Dry eye disease is pervasive within eyecare practices. Depending on how it is defined, estimates suggest that up to one out of every three patients has a sign or symptom of dry eye disease. Fortunately, we have also witnessed many advancements both in the management and therapy for dry eye disease, including meibomian gland dysfunction. Likewise, most (if not all) of these management techniques and therapy options could also be applied to contact lens wearers who experience discomfort, although further evidence is needed to validate several of these options for lens wearers.

One of the major insights in the dry eye community that has been further studied is the role of neuropathic pain in patients who have dry eye. According to the Merck Manual ( ), “Neuropathic pain results from damage to or dysfunction of the peripheral or central nervous system, rather than stimulation of pain receptors. Diagnosis is suggested by pain out of proportion to tissue injury, dysesthesia (e.g., burning, tingling), and signs of nerve injury detected during neurologic examination.” The scientific literature supports this, as numerous studies have shown a lack of agreement between symptoms and clinical tests in dry eye disease.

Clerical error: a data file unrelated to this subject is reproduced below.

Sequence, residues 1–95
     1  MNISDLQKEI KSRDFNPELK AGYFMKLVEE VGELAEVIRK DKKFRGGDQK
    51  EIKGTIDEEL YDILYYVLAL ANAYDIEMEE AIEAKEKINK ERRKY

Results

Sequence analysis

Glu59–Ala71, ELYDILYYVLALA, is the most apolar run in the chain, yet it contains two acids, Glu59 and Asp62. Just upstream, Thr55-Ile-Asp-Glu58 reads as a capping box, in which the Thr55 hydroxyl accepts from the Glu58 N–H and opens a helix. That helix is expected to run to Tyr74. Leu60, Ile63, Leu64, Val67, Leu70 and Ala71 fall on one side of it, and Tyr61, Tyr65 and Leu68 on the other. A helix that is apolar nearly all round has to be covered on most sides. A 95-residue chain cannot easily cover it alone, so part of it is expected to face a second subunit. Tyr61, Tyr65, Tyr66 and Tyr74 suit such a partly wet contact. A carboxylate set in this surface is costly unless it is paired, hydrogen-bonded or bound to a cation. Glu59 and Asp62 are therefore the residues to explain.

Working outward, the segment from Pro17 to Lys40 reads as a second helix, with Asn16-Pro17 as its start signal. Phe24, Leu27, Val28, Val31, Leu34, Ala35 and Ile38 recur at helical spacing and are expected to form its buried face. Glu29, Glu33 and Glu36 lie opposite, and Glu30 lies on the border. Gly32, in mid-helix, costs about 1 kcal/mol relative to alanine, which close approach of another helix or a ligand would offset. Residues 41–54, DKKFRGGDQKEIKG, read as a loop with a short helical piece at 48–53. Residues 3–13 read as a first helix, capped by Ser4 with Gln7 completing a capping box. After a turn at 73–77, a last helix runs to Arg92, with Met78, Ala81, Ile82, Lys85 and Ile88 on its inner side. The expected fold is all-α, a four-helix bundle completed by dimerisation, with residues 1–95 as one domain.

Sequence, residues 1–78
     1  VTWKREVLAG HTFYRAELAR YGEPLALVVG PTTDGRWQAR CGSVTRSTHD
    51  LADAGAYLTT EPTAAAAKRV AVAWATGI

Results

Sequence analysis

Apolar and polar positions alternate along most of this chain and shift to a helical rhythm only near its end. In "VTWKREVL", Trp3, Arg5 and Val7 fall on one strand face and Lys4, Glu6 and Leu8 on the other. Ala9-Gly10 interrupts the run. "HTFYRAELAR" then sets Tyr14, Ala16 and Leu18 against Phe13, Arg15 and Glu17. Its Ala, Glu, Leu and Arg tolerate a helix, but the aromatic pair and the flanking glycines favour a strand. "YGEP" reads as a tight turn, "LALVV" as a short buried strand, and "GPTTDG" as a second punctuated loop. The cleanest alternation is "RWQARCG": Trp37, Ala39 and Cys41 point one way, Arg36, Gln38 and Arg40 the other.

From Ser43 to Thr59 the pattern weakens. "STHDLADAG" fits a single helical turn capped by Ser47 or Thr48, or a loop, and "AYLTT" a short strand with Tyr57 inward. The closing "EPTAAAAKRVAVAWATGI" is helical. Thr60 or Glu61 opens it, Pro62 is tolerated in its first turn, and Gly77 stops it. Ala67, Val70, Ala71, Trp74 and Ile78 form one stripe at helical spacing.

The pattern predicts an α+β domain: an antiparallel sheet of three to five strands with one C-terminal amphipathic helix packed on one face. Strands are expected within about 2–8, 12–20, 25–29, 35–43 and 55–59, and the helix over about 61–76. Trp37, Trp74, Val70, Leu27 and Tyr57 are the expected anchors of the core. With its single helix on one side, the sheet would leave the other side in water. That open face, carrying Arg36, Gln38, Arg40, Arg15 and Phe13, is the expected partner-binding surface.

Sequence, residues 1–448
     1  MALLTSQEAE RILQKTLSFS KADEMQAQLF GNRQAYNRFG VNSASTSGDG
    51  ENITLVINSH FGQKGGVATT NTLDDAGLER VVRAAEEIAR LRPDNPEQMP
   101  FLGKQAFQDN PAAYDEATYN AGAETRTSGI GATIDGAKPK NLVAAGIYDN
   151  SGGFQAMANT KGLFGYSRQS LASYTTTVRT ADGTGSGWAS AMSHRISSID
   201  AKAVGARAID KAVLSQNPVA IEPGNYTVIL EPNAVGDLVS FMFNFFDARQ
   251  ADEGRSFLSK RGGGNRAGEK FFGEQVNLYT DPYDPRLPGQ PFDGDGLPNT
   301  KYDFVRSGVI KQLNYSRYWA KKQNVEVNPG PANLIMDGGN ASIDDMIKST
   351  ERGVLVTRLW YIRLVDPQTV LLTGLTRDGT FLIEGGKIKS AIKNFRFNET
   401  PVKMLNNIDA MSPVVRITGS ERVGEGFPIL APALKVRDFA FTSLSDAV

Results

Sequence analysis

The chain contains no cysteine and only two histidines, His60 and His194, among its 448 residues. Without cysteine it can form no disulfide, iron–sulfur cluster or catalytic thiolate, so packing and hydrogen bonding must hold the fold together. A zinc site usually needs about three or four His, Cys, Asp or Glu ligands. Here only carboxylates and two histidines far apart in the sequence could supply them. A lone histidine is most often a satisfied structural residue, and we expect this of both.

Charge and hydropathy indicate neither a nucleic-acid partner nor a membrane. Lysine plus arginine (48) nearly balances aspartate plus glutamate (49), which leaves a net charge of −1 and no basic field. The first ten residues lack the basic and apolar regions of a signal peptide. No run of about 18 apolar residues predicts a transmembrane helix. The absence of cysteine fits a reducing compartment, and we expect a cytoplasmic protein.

I am not sure about you, but I continue to see so many dry eye patients who have symptoms that are disproportionate to clinical signs. These patients have a true absence of tear dysfunction that is not relieved by therapy. One tip to help you differentiate between neuropathic and non-neuropathic symptoms is to apply local anesthetic to the ocular surface; if symptoms continue to persist in the presence of anesthesia, consider them neuropathic in nature.

A variety of potential treatments exist (many of them off-label), but one of the most efficacious to consider is therapeutic contact lenses (e.g., bandage soft lenses or scleral lenses). There is no doubt that these lenses can certainly improve comfort and healing in these scenarios.